Patrick J. Maney's The Roosevelt Presence: The Life and Legacy of FDR

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Patrick J. Maney's "The Roosevelt Presence: The Life and Legacy of FDR" is a critical analysis of the policies, programs and decisions invoked by Franklin Delano Roosevelt. Maney's analysis and opinions of important historical events brought forth by Roosevelt such as The New Deal, Court Packing and World War II are "off-beat" to say the least. Maney attempts to bring to the table an objective analysis of FDR's life and policies, with hopes of indulging the reader in what he believes is the truth. Although Patrick J. Maney attempted to come off as an objectionable historian, it is evident that he vastly injected his own opinions and beliefs into his analysis. Patrick J. Maney's views do not necessarily belittle FDR completely, but…show more content…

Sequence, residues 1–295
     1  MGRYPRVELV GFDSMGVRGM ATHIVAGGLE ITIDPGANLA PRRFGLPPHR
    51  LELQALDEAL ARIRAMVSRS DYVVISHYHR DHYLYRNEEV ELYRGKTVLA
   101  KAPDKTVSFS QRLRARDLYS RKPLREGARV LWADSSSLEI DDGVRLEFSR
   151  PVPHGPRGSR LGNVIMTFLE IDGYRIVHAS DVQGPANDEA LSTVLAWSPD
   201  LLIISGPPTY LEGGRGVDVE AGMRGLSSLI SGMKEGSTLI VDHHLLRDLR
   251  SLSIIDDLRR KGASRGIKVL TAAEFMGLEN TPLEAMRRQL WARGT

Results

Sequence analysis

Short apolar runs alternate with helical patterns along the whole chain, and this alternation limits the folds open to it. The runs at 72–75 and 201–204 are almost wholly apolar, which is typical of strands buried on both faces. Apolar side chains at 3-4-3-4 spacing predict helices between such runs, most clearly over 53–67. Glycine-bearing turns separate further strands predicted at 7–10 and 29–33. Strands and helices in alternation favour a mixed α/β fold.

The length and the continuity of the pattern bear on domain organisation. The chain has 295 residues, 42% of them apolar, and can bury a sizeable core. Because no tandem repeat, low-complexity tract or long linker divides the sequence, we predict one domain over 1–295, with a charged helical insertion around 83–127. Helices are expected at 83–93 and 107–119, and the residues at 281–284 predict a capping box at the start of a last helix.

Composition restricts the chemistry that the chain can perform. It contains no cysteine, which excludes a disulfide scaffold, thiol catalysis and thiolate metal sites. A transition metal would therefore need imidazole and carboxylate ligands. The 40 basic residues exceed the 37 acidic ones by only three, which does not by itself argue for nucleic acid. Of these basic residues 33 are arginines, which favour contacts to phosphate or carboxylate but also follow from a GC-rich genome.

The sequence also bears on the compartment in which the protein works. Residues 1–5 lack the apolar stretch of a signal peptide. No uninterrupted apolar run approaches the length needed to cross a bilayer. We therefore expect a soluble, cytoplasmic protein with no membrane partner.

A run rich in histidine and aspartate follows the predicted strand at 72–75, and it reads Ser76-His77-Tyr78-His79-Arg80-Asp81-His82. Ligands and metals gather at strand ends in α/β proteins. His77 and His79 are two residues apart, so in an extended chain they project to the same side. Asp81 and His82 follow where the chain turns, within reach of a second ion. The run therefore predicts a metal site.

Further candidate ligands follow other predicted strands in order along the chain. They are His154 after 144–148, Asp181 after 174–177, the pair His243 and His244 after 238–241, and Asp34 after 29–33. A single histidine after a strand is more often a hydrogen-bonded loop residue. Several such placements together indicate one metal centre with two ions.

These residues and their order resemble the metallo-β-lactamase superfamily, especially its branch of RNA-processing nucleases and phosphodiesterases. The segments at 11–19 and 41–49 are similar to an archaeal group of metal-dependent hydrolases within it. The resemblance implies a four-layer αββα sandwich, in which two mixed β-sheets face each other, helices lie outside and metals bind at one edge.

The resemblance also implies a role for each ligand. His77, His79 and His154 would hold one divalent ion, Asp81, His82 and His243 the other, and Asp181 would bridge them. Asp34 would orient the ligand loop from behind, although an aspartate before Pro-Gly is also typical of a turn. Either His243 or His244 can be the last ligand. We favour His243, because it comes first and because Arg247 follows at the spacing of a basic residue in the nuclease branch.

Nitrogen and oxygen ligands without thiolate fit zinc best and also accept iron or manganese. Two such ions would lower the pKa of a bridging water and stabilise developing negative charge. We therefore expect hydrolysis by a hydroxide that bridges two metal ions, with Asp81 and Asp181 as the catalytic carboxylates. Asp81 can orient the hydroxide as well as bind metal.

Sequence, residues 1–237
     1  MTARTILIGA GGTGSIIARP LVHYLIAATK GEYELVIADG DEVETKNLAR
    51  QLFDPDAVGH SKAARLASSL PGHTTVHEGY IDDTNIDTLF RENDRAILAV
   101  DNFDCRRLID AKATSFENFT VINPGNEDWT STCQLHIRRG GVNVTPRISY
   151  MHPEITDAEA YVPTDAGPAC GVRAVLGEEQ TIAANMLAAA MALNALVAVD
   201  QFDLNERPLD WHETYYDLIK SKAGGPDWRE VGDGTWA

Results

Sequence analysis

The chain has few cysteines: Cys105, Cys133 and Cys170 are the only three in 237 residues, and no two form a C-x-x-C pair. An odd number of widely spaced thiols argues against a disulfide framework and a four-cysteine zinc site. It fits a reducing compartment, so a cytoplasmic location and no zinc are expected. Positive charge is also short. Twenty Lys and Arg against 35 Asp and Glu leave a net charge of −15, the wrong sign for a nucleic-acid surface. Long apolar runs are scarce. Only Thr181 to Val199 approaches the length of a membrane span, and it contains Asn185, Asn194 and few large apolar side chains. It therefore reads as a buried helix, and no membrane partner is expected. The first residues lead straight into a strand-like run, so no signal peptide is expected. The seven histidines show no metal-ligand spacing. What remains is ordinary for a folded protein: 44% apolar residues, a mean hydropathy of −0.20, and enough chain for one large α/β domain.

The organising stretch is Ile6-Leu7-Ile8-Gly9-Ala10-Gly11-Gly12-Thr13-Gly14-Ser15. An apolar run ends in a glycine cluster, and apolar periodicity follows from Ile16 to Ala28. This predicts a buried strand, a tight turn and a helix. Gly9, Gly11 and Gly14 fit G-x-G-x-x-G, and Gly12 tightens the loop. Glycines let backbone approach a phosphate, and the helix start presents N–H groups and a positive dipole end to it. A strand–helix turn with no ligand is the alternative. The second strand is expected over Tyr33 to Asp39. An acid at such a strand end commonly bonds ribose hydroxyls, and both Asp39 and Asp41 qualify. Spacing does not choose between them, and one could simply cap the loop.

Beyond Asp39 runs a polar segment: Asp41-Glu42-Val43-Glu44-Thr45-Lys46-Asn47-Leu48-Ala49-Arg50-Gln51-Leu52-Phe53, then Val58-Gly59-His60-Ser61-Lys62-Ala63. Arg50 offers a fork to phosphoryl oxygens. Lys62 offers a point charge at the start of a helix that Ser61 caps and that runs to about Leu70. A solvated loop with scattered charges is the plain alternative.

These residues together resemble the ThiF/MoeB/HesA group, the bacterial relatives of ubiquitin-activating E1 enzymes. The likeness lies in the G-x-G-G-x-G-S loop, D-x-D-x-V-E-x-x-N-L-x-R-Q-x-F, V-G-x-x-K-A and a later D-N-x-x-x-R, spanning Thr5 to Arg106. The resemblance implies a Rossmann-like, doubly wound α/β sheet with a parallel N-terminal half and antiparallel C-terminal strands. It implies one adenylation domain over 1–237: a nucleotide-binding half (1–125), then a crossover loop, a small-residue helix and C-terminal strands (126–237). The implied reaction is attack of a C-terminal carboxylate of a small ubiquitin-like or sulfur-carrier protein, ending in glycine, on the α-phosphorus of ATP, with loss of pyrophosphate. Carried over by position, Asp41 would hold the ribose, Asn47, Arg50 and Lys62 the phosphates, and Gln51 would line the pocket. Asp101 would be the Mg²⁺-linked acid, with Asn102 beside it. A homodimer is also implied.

By that year too, he seemed destined to leave the White House not in triumph but in defeat" (Maney 88) One of the key policies that were analyzed in the book was the New Deal. The New Deal is perhaps one of the most popular policies put into place, and is commonly the first thing to enter a person's mind when FDR is mentioned. The New Deal was thought up and established in order to battle some of the hardships the masses felt during the Great Depression. The New Deal attempted to help provide relief for the unemployed, recover of the economy, and reform of the economic and banking systems. The New Deal presented itself with as many as fifteen new programs and legislation, the majority of which were intended to the poor and the masses. Maney believes that the New Deal was to fix the mistakes the government made by causing the great depression "Under the auspices of the New Deal, the national government, while failing to bring full economic recovery, provided needed assistance to the unemployed and other disadvantaged groups and repaired some of the economic structural damage that helped cause the great depression." (Maney 47). Some of the key legislative acts that were implemented under the new deal were the Agricultural Adjustment Act (AAA) "which offered the farmers the promise of higher prices" (Maney 49), the establishment of the Security and Exchange Commission (SEC) which was

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